Two of those six have seen them play as a two-man strike force; the other four have seen Jesus pushed out to the wing, allowing Aguero to take the sole central berth.
Although both have been incredibly productive—Aguero has 12 goals in all competitions, Jesus 10—they have largely done their work isolated from one another, trading time on the pitch and replacing one another in the rotation machine, or joining one another off the bench late in games. It is not, by any means, a "partnership."
Throwing one on to join the other late in games has proved pretty successful for City manager Pep Guardiola.
Wednesday's loss to Shakhtar Donetsk saw Aguero come off the bench to convert a penalty Jesus had won; in November, Jesus twice came on late to provide telling assists—against West Ham United for Nicolas Otamendi's bundled equaliser, and against Huddersfield Town for Raheem Sterling's winner.
What's notable, though, is that in each of those Premier League games, Aguero was withdrawn just two minutes after City scored what would be their winning goal, leaving Jesus up top alone. It feels very much as though Guardiola is set in his decision that having both on can only be temporary.
Will they ever be able to work in tandem, as a starting strike pair, or are they destined to share game time and vie with one another for the nod in the biggest matches?
As enticing as the idea of deploying Jesus and Aguero as a starting combination is, it doesn't mesh with Guardiola's tactical style at all; there is no precedent for him attempting to make it work.
Never in his managerial career has he utilised two strikers with frequency, opting for Lionel Messi at Barcelona, Robert Lewandowski at Bayern Munich and a rotation at City.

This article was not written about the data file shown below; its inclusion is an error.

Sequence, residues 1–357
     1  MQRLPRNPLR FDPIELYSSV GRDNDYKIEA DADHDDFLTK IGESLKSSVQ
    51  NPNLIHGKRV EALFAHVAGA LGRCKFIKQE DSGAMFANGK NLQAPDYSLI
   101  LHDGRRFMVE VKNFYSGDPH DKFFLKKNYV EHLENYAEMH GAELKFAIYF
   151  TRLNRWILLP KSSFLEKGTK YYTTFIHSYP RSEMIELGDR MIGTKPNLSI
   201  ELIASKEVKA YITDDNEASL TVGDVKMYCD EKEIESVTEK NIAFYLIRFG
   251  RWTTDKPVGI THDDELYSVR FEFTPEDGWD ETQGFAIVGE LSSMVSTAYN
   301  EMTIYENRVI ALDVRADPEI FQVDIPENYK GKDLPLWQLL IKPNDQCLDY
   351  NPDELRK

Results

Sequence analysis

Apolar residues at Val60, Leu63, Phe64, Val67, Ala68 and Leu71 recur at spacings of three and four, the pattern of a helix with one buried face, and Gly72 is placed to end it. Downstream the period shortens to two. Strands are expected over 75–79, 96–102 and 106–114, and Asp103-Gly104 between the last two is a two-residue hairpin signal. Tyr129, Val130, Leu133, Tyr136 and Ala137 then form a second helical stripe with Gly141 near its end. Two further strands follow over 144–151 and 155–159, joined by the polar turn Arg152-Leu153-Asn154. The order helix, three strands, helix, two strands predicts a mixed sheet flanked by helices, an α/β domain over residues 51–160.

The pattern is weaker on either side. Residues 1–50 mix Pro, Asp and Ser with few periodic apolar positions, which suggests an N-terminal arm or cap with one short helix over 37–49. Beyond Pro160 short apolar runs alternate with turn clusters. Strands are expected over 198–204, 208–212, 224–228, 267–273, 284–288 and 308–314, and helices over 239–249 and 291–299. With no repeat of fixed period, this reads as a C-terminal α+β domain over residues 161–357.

It's not that he didn't possess options at previous clubs. At Barcelona, he had Thierry Henry and David Villa but played them off the flank; at Bayern, he had Mario Mandzukic for a spell, and Thomas Muller was always there, capable and ready to step in.
Generally speaking, though, utilising two strikers reduces the number of midfielders you can play, and for Guardiola, numerical superiority and control of the ball in the centre is the foundation of his footballing philosophy.
The teams he has managed have been so powerful they would likely be able to overwhelm most others from a 4-4-2 shape, but he has no inclination to set out in that formation—it would only be seen as a last resort.
It has resulted in an extremely heavy churn of back-up or rotational strikers at clubs managed by Guardiola, as they simply don't get enough game time to stay happy or continue progressing. Since he began his managerial career in 2008, there has been at least one notable change in the forward corps in every summer transfer window he has presided over.
A Risky Trial
The opening day of the 2017-18 Premier League season saw City travel to Brighton & Hove Albion and start with Jesus and Aguero up front together. In order to accommodate it and retain a three-man, controlling midfield, Guardiola utilised a back three and wing-backs to form a 3-5-2 shape.
This was a calculated, partially political gamble. Dropping club legend Aguero for the opener could have backfired if the result hadn’t gone their way, but a show of faith in Jesus, whose early 2017 was wiped out by injury, was important, too.
He also had a similar issue in defence, with club captain Vincent Kompany fit and available but not necessarily his first choice.